A recent project in Germany combines two forms of renewable generation in order to keep the energy flowing.
What happens when the sun stops shining and the wind fails to blow? This issue has been one of the key considerations for countries looking to switch more of their energy production to sustainable sources. The nature of gathering electricity from renewables has always been fairly unpredictable due to the weather.
In Germany, a drive to produce 45% of energy through renewables by 2030, and 100% by 2050, has seen a recent surge in wind turbine developments. One recent project has a unique method of ensuring energy production continues even if the wind doesn't blow.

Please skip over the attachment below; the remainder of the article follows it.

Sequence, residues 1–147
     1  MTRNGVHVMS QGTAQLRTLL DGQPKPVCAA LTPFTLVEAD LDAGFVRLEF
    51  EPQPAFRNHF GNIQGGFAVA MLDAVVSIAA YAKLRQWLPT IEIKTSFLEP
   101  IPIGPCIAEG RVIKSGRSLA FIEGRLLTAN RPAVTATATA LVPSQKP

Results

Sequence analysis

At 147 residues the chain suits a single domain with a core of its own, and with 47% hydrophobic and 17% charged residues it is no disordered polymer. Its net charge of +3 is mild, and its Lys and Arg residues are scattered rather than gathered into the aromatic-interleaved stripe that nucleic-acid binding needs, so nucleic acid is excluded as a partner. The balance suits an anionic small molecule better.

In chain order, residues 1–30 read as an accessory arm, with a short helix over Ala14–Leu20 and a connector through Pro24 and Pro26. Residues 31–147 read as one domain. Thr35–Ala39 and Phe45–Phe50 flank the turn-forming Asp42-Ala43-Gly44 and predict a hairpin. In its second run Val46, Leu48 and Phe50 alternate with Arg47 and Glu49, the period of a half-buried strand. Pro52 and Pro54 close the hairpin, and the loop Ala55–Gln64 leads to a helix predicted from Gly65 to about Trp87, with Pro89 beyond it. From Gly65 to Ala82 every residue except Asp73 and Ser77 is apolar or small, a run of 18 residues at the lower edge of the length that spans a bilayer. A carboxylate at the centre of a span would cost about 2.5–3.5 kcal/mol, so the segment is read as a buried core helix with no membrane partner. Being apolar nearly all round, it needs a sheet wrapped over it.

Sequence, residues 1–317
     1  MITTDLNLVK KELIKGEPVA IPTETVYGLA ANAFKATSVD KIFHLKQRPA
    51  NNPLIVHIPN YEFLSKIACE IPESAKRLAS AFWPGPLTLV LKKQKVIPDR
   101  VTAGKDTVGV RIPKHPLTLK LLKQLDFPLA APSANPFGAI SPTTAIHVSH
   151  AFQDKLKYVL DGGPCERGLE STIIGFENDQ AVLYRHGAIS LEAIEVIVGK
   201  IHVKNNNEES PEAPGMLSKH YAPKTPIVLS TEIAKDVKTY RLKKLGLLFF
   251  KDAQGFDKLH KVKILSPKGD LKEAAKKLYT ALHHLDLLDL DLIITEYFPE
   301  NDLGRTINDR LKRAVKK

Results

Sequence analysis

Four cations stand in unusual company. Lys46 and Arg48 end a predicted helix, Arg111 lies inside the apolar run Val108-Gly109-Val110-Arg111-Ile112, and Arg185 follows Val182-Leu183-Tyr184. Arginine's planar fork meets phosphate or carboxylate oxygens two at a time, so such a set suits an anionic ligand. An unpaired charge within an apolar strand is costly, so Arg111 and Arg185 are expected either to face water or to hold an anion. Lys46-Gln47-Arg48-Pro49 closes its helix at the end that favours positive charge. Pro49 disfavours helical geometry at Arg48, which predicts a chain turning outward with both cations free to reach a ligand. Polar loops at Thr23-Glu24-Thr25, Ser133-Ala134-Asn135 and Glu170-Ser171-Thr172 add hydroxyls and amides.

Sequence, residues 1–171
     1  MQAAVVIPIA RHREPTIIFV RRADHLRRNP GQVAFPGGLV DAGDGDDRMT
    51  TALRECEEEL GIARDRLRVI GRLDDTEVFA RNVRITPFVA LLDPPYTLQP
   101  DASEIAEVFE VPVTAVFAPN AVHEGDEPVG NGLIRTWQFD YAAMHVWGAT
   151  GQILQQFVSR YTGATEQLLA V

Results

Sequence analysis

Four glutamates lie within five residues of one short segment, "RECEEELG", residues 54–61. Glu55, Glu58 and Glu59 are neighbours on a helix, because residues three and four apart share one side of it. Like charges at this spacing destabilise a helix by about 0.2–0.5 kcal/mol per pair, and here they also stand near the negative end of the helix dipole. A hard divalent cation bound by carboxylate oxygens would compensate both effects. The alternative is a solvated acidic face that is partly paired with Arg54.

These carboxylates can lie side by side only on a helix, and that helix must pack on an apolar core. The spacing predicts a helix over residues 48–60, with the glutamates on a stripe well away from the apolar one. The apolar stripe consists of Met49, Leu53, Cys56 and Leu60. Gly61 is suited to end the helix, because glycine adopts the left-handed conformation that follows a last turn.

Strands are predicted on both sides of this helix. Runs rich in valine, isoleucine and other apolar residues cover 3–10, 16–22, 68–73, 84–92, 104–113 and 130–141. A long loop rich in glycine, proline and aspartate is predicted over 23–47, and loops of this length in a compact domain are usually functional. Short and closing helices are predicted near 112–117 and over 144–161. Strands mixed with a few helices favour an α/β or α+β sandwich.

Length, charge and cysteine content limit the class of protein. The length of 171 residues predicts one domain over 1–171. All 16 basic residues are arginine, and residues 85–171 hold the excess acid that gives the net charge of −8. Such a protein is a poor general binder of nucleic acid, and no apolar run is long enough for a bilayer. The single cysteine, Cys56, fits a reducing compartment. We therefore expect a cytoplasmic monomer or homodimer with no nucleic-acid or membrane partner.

Wind and water
Four new wind turbines have been constructed in the southwestern region of Baden-Württemberg. They are impressive in stature: standing nearly 200 metres high, they are the tallest ever built. But it is their built in 'batteries' that make them unique. Each turbine has a tank in its base that can hold 1.6 million gallons of water. When it's windy, and energy demand is low, the turbines pump underground water up into the tanks for future use. When the wind stops, the turbines release the water downhill to power a turbine and produce energy.
This all-weather solution is an ingenious way to make renewable energy more reliable. This short video from GE explains how the turbines work: